The prominent artists such as Jose Clemente Orozco and Diego Rivera recaptured overwhelming murals on public buildings, which are designed to entertain, inform, and convince at the same time. The novelist, Mariano Azuela found in the revolution itself a focus for the investigation of the Mexican reality. Popular culture celebrated the remarkable events and heroes of the revolution in a score of ballads that were sung to celebrate. The revolution with its eminent themes has provided a stimulus to an incredible creative burst in music, literature, and arts (Stearns, Adas, and Schwartz n.p.). 

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The avant-garde of Latin America was a postwar phenomenon flourished in the early 1920s. It was not a late version of earlier European literature and art as some people have argued. It was a continuation of trends that were interfered in Europe by the First World War. The movement has synthesized futurist and cubist aspects with indigenous vision of nationality. Chronologically, the avant-garde of Latin America overlapped with Modernism, displacing it. The avant-garde representatives considered Modernism as quite a romantic movement, and it is not capable to express the ideas of the dynamical contemporary era (Thayer n.p).

The avant-garde movement was prevalently an urban appearance that matched with the growth of indigenism. A movement was dedicated to the modern status of Indians and a sense of national pride in an ancient heritage. It helped to determine cultural identities for the painters and the general public. Indians and workers were the major subjects in the art of the 1930s and 1940s in most of the countries while in Mexico, such depictions started developing in the 1920s. The artists from all the countries were responding to idealized and romanticized depictions of a lost heritage by attempting to represent challenges related to the modern indigenous population. In both art and literature, the avant-garde had two courses. The first one is an ideological aspect focused on issues of national identity in Cuba and Mexico. The second one is an aesthetic and cosmopolitan with an international orientation like in Brazil and Argentina (Thayer n.p).

The prominent Mexican artists Rivera, Orozco, and Siqueiros have become strongly associated with the sociopolitical art and mural painting of that time. All of them believed that art as the highest form of human expression was a crucial force in social revolution. Together, they established the Labor Union of Technical Workers, Painters and Sculptors and devoted themselves to great murals representing the history of Mexico, its nation, society, and revolution. Their art pieces were not always received a positive response. The artists used to spend time in the USA creating artworks.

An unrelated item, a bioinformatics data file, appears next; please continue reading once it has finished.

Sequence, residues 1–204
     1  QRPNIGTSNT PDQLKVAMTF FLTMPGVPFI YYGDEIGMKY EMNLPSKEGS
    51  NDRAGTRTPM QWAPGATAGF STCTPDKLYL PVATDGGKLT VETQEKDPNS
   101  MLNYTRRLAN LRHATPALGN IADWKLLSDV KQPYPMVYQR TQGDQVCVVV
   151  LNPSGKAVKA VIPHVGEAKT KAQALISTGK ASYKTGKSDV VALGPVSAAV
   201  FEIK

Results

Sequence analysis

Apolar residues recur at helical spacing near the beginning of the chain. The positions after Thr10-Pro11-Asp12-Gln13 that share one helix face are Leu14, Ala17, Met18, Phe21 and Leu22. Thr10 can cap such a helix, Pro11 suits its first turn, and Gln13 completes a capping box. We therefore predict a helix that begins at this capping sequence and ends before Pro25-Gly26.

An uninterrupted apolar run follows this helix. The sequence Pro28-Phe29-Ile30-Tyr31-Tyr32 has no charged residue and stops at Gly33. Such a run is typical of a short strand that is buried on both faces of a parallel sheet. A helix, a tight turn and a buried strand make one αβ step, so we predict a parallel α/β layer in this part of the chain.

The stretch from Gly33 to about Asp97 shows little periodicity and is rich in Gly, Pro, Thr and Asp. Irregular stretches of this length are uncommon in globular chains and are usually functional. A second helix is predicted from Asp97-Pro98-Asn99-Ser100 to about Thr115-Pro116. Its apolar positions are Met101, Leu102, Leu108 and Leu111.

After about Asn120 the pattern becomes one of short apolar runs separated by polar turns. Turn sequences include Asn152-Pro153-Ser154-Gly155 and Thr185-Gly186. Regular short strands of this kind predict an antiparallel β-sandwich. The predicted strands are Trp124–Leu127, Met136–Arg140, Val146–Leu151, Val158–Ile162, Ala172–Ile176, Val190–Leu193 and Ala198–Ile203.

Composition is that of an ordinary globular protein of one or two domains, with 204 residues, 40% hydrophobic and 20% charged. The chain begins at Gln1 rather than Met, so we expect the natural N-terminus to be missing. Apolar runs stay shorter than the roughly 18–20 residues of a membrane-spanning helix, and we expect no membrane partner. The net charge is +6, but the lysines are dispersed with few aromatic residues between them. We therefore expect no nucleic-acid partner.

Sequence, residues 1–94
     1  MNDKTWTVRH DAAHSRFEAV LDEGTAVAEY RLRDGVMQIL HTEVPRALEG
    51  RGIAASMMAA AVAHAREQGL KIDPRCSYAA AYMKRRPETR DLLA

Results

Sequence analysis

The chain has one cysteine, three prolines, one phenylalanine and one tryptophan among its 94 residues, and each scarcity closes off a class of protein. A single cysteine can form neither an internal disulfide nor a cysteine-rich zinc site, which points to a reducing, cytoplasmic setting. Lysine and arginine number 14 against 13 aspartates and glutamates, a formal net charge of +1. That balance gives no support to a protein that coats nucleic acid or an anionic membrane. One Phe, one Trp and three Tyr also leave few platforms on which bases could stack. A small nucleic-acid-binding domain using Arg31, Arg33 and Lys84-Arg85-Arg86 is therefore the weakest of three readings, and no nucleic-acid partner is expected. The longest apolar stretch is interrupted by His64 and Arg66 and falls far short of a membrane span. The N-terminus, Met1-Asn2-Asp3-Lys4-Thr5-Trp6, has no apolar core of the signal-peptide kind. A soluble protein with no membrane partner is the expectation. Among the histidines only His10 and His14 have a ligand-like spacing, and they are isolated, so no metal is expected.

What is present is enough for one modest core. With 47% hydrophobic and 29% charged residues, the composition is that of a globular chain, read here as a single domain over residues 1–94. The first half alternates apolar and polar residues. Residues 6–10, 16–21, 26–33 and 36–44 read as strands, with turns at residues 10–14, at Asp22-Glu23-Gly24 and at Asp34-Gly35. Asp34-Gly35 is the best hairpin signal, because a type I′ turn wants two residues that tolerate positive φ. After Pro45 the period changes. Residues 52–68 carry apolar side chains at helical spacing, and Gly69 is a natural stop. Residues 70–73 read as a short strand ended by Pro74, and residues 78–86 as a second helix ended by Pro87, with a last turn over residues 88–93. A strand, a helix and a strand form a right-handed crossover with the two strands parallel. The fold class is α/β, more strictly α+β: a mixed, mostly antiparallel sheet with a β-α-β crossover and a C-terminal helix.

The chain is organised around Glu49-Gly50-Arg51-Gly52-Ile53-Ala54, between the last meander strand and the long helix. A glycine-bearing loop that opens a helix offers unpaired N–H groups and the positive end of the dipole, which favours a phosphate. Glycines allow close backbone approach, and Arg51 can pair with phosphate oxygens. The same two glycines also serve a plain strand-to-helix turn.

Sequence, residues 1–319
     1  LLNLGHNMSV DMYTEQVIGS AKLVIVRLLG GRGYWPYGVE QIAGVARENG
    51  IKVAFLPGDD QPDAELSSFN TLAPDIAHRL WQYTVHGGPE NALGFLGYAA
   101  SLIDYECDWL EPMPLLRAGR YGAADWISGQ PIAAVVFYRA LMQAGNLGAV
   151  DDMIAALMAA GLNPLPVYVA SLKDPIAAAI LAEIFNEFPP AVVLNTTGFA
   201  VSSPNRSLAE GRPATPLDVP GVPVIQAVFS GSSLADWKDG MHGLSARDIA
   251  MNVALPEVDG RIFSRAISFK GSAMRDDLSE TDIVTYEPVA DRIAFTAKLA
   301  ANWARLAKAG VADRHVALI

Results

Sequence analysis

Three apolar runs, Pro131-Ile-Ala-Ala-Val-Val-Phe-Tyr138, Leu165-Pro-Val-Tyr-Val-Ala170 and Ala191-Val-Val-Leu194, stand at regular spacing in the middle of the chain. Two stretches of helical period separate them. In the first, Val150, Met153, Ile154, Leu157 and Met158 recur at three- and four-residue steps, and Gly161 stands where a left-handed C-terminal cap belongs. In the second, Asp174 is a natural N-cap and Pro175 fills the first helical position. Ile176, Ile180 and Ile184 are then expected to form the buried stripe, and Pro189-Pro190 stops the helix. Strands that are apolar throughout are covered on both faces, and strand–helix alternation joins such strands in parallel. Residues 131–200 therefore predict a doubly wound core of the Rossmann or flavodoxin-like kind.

The Mexican Muralist movement was connected with the official requirements of the post-revolutionary authority. The government and painters believed that art had a social and ideological character. Under the presidency of Alvaro Obregon in 1920-1924, the government decided that the public artworks could play a significant role in recovering a nation damaged by a civil war. As a part of the inspiring cultural conception, expatriate Mexican artists were summoned to come back from abroad to participate in a program of mural decoration of public constructions.

Early murals had no necessary political character; rather, they were allegories of Mexican cultural history. The government’s major purpose was similar to the sixteenth century monks who aimed to educate a huge and significantly illiterate population (Thayer n.p).

It was decided that the murals would be painted on the extensive, undecorated walls of Mexican governmental buildings. Like the Mayans and Aztecs of an earlier time, who painted on the walls of their tombs and temples, the Mexican muralists left their public edifices awash with color. The Mexican muralists applied native themes as their inspiration being evocative of their Mesoamerican precursors. Instead of creating portraits of Spanish aristocrats, the prominent muralists glorified the everyday lives of the modern American-Indian population and Mexican peasants tilling the soil. The painters faced two main challenges: introduction of a modern public monumental art requiring special technical skills and creation of an efficient visual language for certain targets.

The appreciation of the aesthetic concepts of pre-Conquest art directly stemmed from the Mexican artists’ exposure to the contemporary European art, particularly the Cubist movement and Paul Cezanne. The awareness of major similarities between indigenous Mexican art and contemporary European art originated with a European interest in primitive art. The attraction to monumental art was an important moment in their decision to adopt the fresco as an artistic view in particular the murals of the Baroque traditions and Italian Renaissance. Each of the remarkable Mexican artists individualizes his own styles, but definite similarities still remain. The essential moment is that the painters were creating for the public planning their murals respectively (Thayer n.p).